Am I the only one that thinks that the problem is in the way that Linux
defines the semantics of /proc/nnn/fd/n ?
I only think of three sensible ways of doing it.
One could follow exactly what is in the man page, and /proc/nnn/fd/n are
symbolic links to actual files.
Then, if the file is deleted or moved, the link points to nothing. And if
the file is replaced, it points to the new file.
Of course, the drawback is that /proc/nnn/fd/n is not reliably pointing to
the opened file. But that's normal, for a symbolic link.
The second option would have to be /proc/nnn/fd/n a special file rather than
a symbolic link, that behaves exactly like the file descriptor. This special
file would be accessible with exactly the same rights as the ones used to
open the file. For example, if one does
$ exec 3>/tmp/toto; echo tata>&3
then of course we would be able to do
$ cat /tmp/toto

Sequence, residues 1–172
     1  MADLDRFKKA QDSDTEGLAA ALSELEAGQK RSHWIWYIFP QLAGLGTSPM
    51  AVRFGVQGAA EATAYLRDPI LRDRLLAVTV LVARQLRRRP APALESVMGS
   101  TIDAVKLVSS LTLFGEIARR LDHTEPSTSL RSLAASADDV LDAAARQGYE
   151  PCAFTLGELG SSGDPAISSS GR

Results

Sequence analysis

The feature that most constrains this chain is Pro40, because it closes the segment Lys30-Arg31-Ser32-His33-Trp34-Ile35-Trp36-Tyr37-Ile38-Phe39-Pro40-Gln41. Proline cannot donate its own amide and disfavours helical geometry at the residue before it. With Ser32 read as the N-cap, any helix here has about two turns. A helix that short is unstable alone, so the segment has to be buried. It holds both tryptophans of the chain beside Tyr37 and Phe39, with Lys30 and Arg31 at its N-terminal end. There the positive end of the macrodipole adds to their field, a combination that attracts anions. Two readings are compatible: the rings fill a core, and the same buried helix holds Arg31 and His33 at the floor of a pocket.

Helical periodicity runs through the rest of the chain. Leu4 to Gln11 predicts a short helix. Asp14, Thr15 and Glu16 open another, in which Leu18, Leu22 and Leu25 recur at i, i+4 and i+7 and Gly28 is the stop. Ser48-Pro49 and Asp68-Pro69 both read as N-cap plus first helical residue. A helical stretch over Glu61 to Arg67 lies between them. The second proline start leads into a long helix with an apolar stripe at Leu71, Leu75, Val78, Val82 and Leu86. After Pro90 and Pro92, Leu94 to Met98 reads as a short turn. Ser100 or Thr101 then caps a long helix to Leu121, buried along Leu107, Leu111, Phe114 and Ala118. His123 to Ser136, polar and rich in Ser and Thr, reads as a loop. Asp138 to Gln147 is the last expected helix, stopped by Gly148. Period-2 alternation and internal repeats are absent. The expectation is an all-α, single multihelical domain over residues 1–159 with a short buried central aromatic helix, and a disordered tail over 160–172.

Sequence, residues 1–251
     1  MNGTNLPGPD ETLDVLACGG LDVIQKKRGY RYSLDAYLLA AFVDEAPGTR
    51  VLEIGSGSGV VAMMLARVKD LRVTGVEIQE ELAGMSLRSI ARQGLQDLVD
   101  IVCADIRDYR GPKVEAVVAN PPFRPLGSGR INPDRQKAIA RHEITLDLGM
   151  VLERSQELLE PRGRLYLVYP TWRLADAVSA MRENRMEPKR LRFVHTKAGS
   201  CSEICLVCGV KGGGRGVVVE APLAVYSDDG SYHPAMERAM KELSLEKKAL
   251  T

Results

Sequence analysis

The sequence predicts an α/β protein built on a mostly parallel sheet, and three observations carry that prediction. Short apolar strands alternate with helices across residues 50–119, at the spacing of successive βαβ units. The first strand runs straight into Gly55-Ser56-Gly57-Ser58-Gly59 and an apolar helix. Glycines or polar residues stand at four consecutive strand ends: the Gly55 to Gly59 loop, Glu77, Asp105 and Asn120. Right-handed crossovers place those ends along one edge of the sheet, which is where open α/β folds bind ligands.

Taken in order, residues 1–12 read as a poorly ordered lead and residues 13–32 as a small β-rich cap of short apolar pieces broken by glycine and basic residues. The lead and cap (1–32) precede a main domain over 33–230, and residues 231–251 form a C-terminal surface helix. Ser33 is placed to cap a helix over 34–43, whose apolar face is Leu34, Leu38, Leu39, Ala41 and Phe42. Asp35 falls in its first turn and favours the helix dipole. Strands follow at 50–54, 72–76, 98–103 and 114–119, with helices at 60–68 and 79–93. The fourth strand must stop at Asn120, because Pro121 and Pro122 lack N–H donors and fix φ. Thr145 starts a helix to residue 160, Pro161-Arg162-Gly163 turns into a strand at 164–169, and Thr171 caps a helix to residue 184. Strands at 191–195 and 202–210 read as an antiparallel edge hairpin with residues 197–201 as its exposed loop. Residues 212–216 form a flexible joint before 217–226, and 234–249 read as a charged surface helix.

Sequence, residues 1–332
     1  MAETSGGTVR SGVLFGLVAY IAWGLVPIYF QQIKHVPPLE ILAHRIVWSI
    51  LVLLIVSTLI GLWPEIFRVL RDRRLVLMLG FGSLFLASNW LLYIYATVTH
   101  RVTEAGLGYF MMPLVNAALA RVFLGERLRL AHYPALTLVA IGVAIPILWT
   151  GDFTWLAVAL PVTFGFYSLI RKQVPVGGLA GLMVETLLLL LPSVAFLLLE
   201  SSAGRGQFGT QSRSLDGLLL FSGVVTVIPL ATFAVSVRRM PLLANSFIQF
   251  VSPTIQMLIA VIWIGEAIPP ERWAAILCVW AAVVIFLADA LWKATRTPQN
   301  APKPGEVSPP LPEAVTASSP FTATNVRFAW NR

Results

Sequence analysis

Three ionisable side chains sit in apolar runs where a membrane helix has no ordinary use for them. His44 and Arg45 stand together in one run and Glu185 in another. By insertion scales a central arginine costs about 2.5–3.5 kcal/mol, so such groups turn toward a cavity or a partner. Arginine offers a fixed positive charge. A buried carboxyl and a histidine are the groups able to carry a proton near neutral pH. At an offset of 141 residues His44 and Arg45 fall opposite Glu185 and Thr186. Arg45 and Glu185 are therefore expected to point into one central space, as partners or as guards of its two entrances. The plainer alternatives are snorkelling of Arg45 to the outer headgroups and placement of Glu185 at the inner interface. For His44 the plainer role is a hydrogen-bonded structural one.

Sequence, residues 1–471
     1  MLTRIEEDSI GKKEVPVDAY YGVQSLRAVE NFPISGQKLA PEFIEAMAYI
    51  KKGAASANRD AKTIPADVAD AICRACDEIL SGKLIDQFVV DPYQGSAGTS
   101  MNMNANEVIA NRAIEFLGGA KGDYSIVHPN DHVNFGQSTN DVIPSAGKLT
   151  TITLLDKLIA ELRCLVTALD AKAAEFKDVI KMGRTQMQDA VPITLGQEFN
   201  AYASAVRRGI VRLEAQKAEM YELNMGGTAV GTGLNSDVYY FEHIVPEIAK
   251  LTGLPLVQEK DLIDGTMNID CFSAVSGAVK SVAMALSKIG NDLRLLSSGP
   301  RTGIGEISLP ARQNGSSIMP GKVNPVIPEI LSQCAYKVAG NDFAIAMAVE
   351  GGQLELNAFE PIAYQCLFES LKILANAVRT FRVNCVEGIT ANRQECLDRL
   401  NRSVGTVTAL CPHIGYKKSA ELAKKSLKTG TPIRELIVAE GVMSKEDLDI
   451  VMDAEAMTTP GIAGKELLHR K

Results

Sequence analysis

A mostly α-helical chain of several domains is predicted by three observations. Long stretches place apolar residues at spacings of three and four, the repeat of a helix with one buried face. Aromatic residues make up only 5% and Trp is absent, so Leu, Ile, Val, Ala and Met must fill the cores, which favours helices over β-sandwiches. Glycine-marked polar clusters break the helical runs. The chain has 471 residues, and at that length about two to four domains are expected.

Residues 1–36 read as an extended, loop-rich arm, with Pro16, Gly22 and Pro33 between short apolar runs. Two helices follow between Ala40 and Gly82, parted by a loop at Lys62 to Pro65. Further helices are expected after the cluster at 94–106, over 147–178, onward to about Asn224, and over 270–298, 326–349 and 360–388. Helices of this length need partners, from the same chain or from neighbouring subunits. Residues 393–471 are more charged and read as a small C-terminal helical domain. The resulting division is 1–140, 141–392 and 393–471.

but we would get "Permission denied" when trying
$ cat /proc/self/fd/3
One side effect would be that /proc/nnn/fd/n would never be setuid.
$ echo tutu>/proc/self/fd/3
would append at the end of /tmp/toto, because it would be the same as
$ echo tutu>&3
$ echo tutu>/tmp/toto
The third option, which is the closest to the current semantics, is to have
/proc/xxx/fd/x to be a symbolic link to the file currently in use.
Therefore, like it is the case in Linux, if the file is moved, the symbolic
link is changed (I did not check if there is a race condition there).
But, if the file is deleted, then the symbolic link needs to be a link to an
actual file. The best is probably to use the same trick as for NFS: to
generate a file with a random unique name in the root of the filesystem.
However, it is quite clear to me that the current behaviour is inconsistent
and is the reason of this security flaw. We see
$ ls -l /proc/self/fd/3
pretend that it is a symbolic link to a file that does not exist, and
$ ls -lL /proc/self/fd/3
show a setuid file.